Ashley Goldsmith is the Chief People Officer at the software company Workday in Silicon Valley.
As Chief People Officer at Workday, I have global responsibility for all core HR functions, internal communications, and global impact areas such as belonging and diversity, environmental sustainability, and giving and doing. At the end of the day, my ultimate responsibility is to help create and foster a culture that puts our employees at the center of everything we do and promotes a true sense of integrity, fun, and collaboration.
Why is it important to understand the people side of business?
I strongly believe that people are the lifeblood of any company. When you can motivate and inspire your workforce and get them all pointing in the same direction, it can create a tremendous source of energy and productivity that can drive a business forward. As I mentioned earlier, we put our employees first at Workday because we know that if we do that, they will in turn create a great experience for our customers, which in turn helps us continue on our growth path. When you also consider the fact that people account for roughly two-thirds of any company’s costs and resources, it becomes even more of an imperative for any business leader to understand the people side of business.
How did your educational background prepare you for your current position?
I went to Vanderbilt for undergrad and I started college as an economics major. I took a few psychology classes as electives and the next thing I knew I was majoring in psychology. I essentially fell into HR but I think it appealed to me so much because it combines people and business – two of my favorite topics. After I first started working, I went to school at night at Georgia University to earn a degree in HR development. I then took a job with a business that focused on mergers and acquisitions and I found that when I was sitting in meetings and thinking about companies we were considering buying, I wanted to learn more about the technical aspects of the deal. This led me to pursue my Executive MBA at Northwestern.
What is your favorite aspect of your work?
I think that my team’s work is a fascinating and critical part of the business. If you have a talented workforce, you will have a successful business collective. I like the unpredictable nature of humans. Finding ways to motivate, inspire, and maintain a diverse population is a very intriguing thing to do. In my position, no two days are ever the same.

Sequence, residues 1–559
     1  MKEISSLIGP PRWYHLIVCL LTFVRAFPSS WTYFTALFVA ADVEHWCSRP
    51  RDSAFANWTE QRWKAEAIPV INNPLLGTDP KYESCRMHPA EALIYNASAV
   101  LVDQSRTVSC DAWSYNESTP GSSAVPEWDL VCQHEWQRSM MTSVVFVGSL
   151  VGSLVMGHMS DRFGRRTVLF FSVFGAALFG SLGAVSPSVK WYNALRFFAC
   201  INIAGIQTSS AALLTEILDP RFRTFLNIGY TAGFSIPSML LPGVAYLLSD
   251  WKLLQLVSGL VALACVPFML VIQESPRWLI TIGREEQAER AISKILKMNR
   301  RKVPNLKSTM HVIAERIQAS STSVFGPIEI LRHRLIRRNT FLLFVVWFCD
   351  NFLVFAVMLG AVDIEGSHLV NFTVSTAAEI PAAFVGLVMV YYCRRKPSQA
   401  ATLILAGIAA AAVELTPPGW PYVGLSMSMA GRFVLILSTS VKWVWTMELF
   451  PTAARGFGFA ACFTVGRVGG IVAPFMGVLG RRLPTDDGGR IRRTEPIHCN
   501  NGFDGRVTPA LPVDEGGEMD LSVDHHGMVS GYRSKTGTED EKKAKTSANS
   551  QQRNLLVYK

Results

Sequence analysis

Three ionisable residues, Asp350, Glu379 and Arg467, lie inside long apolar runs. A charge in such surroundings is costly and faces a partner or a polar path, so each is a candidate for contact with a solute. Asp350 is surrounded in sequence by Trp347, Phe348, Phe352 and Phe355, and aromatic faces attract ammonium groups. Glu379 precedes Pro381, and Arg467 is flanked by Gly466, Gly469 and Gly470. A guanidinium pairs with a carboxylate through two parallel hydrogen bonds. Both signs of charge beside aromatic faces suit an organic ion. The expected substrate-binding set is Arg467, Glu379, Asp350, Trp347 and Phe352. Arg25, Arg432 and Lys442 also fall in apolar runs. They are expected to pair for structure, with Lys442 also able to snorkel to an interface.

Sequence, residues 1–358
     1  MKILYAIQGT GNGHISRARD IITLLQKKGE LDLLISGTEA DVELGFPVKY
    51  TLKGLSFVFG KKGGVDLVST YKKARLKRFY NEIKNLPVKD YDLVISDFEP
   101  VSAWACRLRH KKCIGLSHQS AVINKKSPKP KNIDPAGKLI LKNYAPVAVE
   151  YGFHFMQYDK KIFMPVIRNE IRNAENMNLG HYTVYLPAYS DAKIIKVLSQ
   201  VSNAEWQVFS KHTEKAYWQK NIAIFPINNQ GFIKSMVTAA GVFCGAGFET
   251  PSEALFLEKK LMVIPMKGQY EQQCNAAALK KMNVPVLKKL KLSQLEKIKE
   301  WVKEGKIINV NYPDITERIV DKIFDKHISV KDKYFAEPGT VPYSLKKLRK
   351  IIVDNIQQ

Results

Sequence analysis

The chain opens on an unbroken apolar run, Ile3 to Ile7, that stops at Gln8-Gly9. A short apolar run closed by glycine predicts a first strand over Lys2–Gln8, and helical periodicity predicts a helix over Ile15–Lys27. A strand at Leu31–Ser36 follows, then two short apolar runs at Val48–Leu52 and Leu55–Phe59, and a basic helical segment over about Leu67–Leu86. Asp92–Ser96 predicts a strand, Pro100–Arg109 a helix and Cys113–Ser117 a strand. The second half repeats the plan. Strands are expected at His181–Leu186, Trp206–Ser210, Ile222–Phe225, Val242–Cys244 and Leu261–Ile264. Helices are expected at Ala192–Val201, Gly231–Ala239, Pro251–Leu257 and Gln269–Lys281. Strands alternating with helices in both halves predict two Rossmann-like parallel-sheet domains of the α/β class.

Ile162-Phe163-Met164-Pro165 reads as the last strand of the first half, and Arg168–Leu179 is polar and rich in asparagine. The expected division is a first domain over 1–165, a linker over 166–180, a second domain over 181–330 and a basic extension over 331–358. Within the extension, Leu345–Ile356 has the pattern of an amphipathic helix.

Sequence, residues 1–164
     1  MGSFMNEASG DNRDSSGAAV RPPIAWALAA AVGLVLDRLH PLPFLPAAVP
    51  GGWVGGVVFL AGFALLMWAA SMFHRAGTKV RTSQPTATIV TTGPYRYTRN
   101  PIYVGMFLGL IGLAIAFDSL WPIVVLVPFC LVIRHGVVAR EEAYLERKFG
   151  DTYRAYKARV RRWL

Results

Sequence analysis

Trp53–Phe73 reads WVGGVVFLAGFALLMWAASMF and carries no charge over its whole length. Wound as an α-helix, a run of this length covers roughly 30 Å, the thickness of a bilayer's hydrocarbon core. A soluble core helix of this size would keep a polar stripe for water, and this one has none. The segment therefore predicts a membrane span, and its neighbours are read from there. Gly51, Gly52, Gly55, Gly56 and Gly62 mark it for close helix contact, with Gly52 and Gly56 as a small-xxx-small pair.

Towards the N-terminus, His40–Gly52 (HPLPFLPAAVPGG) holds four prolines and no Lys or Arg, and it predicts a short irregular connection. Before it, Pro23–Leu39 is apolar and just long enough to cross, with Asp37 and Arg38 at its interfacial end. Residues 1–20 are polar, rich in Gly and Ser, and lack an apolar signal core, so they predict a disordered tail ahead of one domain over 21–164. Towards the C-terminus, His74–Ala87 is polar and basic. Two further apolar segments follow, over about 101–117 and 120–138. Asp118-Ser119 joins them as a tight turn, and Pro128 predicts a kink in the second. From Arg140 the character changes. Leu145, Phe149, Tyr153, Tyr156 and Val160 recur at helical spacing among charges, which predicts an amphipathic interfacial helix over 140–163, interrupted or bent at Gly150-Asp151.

What is your leadership style?
I would say that I try to focus on being an empowering and collaborative leader. Throughout my career I’ve been fortunate to have some great mentors that have taught me some important lessons in these areas. I think it’s critical to recognize the talent around you and provide them with the opportunity to stretch and really challenge themselves. At the same time, fostering a people-first environment means you have to be approachable, check your ego at the door, and be willing to listen and work well with others.
How can young people prepare for a career in tech?
Education, experience, and doing great work are the keys to getting ahead in the technology world. I have found in my career that when you do great work, people will notice, and when you help other people do great work that gets noticed as well. I also don’t think there’s barrier to get into technology based on gender. I think companies are dying to hire diverse populations, especially in technology where there’s such an opportunity to improve diversity. Seeking out a mentor can also play an important role in providing you with support and guidance as you explore different career paths.
What is the best piece of advice you have ever been given?
Luck is what happens when preparation meets opportunity. Be prepared.
What advice do you have for girls who want to work in the “people” industry?
Stay updated on the latest trends in the industry by reading different business and trade publications. Find someone who works in HR and spend some time with them. This professional will probably even let you shadow them at his or her office. Finally, the most successful HR people have great business acumen. They are there because they really love the human aspect of the business.